However, I emphasize again that appellant based his appeal upon a violation of state statute. SDCL 23A-22-3 provides: "A defendant in a criminal action is presumed to be innocent until the contrary is proved, and in case of a reasonable doubt as to whether his guilt is satisfactorily shown, he is entitled to be acquitted." Since SDCL 23A-22-3 is an integral part of the criminal law in South Dakota, a trial court would be remiss to choose not to inform a jury of the presumption of innocence when a proposed instruction provides an opportunity.
Wolf, 114 N.W.2d 100, 101, as relied upon by the majority opinion, is distinguishable from the case at bar[*] because the trial court in Wolf informed the jury "at the outset of the trial the defendant was presumed to be innocent and that he was not required to put in any evidence of his innocence." The trial court herein failed to ever inform the jury of appellant's SDCL 23A-22-3 presumption of innocence. In People v. French, 5 Ill.App.3d 908, 909, 284 N.E.2d 481, 482 (1972), the Illinois Appellate Court held:If, as here, the defense counsel does not offer this instruction, it should be tendered by the prosecution, or the court should give it on its own motion. We do not reach the question of whether or not it is reversible error to fail to give this instruction in any case. Under the facts in this case, where the presumption of innocence was not mentioned in any instruction or in argument to the jury, the failure to give this instruction amounted to either a denial of due process or inadequate representation, and requires reversal.
In a post-Whorton decision, People v. Carpenter, 57 Ill.Dec. 303, 101 Ill.App.3d 792, 428 N.E.2d 983 (1981), the Appellate Court of Illinois explained why failure to instruct on the presumption of innocence is reversible error:Failure to instruct the jury on the presumption of innocence in its most pernicious aspect amounts to a manipulation of fundamental legal principles to achieve results apparently favorable to the State but at the expense of basic protections guaranteed the accused. (See Estelle v. Williams (1976), 425 U.S. 501, 96 S. Ct. 1691, 48 L. Ed. 2d 126.) When that principle is not impressed upon the minds of the jurors, the trial could become a mere formality in which the jury presumes guilt and its function would thus deteriorate into one simply ratifying the criminal investigation. Although it is established that the presumption of innocence is not evidence favoring the accused (Taylor v. Kentucky [436 U.S. 478, 98 S. Ct. 1930, 56 L. Ed. 2d 468] ), it remains a vital principle of legal rhetoric which serves to inform the jury not to automatically agree with the prosecution. Its purpose also is to afford fair and evenhanded treatment to all persons accused of criminal offenses, so that guilt or innocence is based exclusively on evidence adduced at trial.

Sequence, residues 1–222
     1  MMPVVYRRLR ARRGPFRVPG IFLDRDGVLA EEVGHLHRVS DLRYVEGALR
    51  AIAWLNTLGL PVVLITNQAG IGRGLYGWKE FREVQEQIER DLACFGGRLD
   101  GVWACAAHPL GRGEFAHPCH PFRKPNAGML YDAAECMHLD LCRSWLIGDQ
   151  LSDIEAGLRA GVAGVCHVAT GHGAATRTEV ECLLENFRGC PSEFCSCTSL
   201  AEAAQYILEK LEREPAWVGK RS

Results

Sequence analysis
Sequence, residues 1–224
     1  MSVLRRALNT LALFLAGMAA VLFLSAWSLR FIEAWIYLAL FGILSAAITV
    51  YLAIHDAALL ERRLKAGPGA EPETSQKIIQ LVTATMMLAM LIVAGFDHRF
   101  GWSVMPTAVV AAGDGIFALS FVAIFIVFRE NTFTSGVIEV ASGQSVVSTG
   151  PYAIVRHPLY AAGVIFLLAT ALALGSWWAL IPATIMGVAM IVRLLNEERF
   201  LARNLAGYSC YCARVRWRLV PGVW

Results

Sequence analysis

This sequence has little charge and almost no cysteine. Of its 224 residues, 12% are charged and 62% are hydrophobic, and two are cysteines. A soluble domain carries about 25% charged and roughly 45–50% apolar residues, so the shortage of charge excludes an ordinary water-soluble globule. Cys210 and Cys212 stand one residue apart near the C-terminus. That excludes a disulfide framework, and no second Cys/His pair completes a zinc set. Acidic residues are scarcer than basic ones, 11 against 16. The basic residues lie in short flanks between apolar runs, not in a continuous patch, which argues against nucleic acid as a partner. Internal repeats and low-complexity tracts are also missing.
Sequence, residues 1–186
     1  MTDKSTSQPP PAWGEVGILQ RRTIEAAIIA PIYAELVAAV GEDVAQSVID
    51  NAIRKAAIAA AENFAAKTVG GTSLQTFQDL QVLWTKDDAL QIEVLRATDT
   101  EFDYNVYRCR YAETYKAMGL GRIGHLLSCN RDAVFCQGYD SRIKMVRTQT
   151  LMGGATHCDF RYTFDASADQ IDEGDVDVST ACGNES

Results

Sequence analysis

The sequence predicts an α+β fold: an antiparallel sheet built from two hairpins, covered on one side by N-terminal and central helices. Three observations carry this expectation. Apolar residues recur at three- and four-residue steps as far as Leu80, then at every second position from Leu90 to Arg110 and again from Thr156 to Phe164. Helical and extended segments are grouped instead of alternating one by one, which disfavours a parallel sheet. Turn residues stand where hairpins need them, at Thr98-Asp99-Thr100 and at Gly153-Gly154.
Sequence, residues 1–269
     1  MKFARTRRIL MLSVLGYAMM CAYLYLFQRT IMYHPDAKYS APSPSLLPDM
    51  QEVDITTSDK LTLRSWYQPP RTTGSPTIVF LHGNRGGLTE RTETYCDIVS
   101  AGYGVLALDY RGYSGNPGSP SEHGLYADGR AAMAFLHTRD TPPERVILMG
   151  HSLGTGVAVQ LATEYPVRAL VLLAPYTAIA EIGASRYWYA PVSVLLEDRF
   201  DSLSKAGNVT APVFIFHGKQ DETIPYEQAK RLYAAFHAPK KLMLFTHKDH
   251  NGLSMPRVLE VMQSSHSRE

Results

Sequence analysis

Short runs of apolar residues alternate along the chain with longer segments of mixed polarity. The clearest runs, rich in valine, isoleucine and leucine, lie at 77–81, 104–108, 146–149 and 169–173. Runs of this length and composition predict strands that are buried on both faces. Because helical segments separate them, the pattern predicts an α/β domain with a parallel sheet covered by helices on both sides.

Carpenter, 57 Ill.Dec. at 305, 428 N.E.2d at 985. Moreover, other post-Whorton decisions have held that the trial court must instruct the jury on the presumption of innocence. See State v. Cabral, 410 A.2d 438 (R.I.1980); People v. Mullen, 35 Ill.Dec. *107 573, 80 Ill.App.3d 369, 399 N.E.2d 639 (1980); State v. Goff, 272 S.E.2d 457 (W.Va.1980).
Particularly objectionable in the case at bar was the trial court's determination "that overwhelming evidence of guilt made such an instruction unsuitable." In the trial court's mind, perhaps this was true. But there was cross-examination of the State's witnesses and was it overwhelming in the minds of the jury members? In a jury trial, the jury is the trier of fact, not the trial court. The trial court usurped the role of the jury and in so doing neglected its statutory duty to properly instruct the jury on this state's criminal law. The trial court was both the judge and the jury. Appellant's statutory rights suffered under the trial court's dual role. The presumption of innocence throughout the trial is historic: "The history of this presumption can be traced from Deuteronomy through Roman law, English Common Law, and the common law of the United States. Coffin v. United States, 156 U.S. 432, 453, 15 S. Ct. 394, 403, 39 L. Ed. 481 (1895)." Slaughter, 630 P.2d at 518. Casting aside a fundamental right, inherent in this Nation's system of justice, does not come easy for me. That the accused is presumed not to be innocent was and is found in fascist and tyrannical cultures led by Adolf Hitler, Joseph Stalin, Ho Chi Minh, and Ayatollah Khomeini. I highly question that the patriots of the American Revolution or the men who died on Omaha Beach or Heartbreak Ridge would favor a fluid approach to the presumption of innocence, a right so basic to the American way of life.
I would reverse and remand for a new trial wherein the trial court would be directed as the majority opinion would have it: "Give the instruction as you have always done...."NOTES
[*] Indeed, in City of Sioux Falls v. Wolf, 79 S.D. 519, 114 N.W.2d 100 (1962), where the trial court refused a similar instruction under SDCL 23-44-5, the predecessor of SDCL 23A-22-3, we said,
Defendant contends that the instructions given the jury did not make clear that the presumption of innocence attends an accused throughout the progress of the trial. The jury was told that at the outset of the trial the defendant was presumed to be innocent and that he was not required to put in any evidence of his innocence. An examination of the record shows that the jury was also instructed on burden of proof and reasonable doubt. In view of the entire charge, it was not necessary that this instruction should have been given. Jurors competent to sit upon a trial would know that the presumption of innocence continued with defendant from the beginning to the end of the trial.
79 S.D. at 520, 114 N.W.2d at 101. (Emphasis supplied) In the case at bar, the record does not clearly show whether the jury was told at the outset about the presumption.
[*] Likewise, Slaughter, 630 P.2d 517, is distinguishable because an instruction on the presumption of innocence was given therein.